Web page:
Why SEC Fiduciary Rule Reg Sounds Right

At least for now ...

401k, SEC, regulation, fiduciaryAnother wrinkle in the fiduciary fight.

The rollback of unnecessary regulation is reaping rewards, depending of course on one’s definition of unnecessary.

We’re not crazy enough to argue against the DOL’s fiduciary rule (or at least a fiduciary rule), but is there a better way, one that more successfully satisfies key stakeholders?

Apparently not, if The Wall Street Journal’s SEC rule exposé is any indication. The sticking point is what you’d expect:

“It’s difficult to see how they can come up with a solution that does not land them in court,” Barbara Roper, director of investor protection for the Consumer Federation of America, told the paper. “If they propose a rule we like, the industry will sue them. If they give the industry a disclosure-based best interest standard that they want, we’ll sue them.”

If the SEC’s version is more targeted and avoids the heavy-handedness of the DOL (the proverbial scalpel versus hammer cliché), we understand its appeal.

Without question, over-regulation in the Obama era led to slower growth and muted returns, packaged and sold (unsuccessfully) as the New Normal.

Attempts to argue that any regulation would not adversely impact the long-term viability of the participant portfolio is therefore tough. Which is why a more nuanced SEC version is appealing; the overwhelming majority of advisors do right by their clients, understand the need for viable regulation, but worry about the potential harm from good intentions.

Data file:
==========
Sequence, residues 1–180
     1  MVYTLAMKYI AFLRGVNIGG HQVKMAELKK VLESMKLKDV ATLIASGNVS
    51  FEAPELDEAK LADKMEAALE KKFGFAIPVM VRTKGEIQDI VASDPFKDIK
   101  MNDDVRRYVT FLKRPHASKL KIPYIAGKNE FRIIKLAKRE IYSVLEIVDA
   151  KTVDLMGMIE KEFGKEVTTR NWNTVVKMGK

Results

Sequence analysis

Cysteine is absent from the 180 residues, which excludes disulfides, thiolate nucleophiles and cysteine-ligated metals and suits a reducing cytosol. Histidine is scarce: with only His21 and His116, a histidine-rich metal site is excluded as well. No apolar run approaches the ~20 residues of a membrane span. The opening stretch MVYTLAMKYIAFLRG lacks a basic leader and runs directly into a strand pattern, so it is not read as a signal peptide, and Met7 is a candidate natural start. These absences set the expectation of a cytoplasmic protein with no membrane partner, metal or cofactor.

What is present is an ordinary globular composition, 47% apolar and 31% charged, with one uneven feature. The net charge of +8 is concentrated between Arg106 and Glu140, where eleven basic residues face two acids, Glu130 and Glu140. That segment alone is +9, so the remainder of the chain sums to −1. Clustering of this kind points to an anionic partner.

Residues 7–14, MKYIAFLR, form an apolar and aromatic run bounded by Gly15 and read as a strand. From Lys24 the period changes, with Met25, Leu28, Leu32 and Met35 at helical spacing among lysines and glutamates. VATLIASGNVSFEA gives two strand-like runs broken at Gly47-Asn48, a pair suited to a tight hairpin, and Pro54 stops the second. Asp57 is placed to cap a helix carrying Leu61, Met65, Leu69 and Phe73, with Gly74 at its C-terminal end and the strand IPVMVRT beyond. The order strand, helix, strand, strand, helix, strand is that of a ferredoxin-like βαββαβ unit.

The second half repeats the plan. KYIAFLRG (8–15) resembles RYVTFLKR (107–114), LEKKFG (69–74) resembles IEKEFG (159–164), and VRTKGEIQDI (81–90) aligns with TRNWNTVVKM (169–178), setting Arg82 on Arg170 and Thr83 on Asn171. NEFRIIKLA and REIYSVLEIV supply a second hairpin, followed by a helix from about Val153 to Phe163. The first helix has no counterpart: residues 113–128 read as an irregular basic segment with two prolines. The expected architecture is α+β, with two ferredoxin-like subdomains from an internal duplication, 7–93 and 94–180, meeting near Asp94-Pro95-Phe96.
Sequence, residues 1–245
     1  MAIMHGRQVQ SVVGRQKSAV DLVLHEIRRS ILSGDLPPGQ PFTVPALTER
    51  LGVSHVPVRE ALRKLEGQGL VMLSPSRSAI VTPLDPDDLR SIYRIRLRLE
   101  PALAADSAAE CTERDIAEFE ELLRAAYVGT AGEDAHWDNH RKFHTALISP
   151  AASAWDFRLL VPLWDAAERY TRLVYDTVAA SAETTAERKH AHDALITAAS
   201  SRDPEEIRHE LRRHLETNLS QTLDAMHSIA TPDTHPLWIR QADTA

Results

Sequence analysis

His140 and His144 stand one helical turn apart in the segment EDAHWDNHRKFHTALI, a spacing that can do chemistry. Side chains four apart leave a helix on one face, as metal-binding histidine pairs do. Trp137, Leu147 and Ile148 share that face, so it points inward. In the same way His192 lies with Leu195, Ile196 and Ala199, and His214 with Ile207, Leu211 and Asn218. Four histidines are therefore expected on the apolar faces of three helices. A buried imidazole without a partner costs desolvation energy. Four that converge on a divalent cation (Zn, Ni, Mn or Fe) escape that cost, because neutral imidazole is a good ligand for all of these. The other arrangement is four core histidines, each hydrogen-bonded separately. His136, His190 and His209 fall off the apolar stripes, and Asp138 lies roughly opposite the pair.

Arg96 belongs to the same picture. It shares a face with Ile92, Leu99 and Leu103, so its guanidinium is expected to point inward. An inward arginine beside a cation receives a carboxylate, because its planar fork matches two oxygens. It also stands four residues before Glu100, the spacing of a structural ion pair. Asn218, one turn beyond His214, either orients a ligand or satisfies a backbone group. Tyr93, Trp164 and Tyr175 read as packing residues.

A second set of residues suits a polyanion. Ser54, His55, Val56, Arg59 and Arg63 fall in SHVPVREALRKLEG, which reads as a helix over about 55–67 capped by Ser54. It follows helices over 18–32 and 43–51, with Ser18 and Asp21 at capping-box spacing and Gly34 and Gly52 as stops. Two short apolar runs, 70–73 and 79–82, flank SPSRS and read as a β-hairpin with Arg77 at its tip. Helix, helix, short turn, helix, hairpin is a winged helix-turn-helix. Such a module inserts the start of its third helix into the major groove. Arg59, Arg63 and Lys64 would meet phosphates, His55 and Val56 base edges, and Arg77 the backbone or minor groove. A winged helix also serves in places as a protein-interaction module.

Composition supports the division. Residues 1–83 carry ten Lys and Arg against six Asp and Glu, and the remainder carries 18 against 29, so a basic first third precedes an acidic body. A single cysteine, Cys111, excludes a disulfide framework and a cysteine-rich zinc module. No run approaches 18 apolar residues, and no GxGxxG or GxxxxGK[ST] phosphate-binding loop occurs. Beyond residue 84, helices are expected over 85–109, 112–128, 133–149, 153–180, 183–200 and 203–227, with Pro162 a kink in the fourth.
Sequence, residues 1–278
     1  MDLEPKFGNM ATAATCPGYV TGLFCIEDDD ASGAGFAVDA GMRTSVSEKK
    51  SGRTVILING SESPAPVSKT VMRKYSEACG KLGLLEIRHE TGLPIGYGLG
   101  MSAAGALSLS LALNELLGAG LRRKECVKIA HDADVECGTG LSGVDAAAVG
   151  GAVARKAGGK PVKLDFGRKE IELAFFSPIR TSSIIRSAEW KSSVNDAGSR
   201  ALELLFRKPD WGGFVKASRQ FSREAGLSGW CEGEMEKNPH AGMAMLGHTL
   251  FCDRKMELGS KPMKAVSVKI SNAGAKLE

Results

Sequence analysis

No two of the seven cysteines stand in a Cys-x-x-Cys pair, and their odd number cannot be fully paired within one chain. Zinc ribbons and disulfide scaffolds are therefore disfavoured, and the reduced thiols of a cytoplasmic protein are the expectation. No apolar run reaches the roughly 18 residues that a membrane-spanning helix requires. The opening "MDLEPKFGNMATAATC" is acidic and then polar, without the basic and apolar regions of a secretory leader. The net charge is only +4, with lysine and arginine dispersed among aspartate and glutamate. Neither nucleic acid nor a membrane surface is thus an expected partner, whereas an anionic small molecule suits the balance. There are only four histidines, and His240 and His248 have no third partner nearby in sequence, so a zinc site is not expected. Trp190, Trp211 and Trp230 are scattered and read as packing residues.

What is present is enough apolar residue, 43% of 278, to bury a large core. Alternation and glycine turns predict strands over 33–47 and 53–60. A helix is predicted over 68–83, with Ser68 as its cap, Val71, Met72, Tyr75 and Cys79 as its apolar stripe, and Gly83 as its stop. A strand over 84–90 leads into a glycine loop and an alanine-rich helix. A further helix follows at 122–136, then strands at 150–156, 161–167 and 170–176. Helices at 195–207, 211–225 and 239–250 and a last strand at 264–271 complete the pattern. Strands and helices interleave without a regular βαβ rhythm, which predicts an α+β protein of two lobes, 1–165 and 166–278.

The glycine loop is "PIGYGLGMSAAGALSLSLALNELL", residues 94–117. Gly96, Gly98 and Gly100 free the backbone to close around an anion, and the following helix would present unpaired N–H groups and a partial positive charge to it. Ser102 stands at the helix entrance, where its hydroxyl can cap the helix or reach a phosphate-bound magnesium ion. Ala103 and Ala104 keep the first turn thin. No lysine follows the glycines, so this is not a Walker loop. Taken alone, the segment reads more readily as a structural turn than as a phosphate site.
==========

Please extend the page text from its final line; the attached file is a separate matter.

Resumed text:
In theory, SEC Commissioner Piwowar’s push to ban the term financial advisor—unless fiduciary responsibility is accepted—makes sense. It’s at least the start of necessary industry and agency penance after entertaining the Merrill Rule madness a decade ago; the deliberate attempt to further obfuscate industry titles to deceive the investing public.

“Mr. Piwowar has a fundamentally sound idea, but I think it needs to be treated more broadly,” Roper conceded, but “more broadly” would put us back in DOL territory and, therefore, why do it at all?

The SEC has at least until July 2019 to figure it out, with the DOL rule as default. We’ll see what they bring.

1 Comment on "Why SEC Fiduciary Rule Reg Sounds Right"

  1. In the early 1980’s, the SEC and many state regulators took the position that one holding herself out to be an Investment Adviser by using that or a similar term, such as financial planner, had a duty to register under the 1940 Act and accept the fiduciary duties that came with it.

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